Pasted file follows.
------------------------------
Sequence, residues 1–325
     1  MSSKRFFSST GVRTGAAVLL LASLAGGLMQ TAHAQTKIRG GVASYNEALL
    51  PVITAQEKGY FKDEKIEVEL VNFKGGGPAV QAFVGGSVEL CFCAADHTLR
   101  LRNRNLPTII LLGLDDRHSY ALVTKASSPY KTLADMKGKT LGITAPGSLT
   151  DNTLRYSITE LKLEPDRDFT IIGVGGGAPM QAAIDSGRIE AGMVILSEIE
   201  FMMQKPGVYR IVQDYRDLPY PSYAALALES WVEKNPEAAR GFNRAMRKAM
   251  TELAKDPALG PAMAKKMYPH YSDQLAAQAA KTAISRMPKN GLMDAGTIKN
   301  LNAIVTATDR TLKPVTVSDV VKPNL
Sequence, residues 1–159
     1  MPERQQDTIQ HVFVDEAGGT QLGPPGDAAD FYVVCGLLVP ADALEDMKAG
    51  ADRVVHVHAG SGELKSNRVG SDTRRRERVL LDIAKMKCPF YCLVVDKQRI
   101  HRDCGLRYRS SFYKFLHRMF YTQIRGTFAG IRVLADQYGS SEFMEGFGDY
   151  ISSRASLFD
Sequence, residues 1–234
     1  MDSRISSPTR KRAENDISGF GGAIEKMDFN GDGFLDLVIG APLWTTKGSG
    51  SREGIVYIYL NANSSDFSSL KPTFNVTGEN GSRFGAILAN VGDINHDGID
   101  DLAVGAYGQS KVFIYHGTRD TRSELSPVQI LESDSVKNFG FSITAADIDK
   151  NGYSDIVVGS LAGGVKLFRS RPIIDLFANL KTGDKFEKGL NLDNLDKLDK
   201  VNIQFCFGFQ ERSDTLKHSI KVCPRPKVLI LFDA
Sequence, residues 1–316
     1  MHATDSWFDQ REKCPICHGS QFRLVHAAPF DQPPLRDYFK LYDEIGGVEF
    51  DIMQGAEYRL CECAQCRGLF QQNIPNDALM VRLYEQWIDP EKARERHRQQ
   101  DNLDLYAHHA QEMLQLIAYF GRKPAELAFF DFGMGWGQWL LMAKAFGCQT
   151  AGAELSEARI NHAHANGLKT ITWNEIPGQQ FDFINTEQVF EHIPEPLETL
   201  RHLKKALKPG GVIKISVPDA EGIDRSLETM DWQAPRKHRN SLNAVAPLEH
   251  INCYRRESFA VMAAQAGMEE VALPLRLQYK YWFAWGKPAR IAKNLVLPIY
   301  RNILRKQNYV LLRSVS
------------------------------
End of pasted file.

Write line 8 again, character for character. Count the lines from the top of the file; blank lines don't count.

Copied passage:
   301  LNAIVTATDR TLKPVTVSDV VKPNL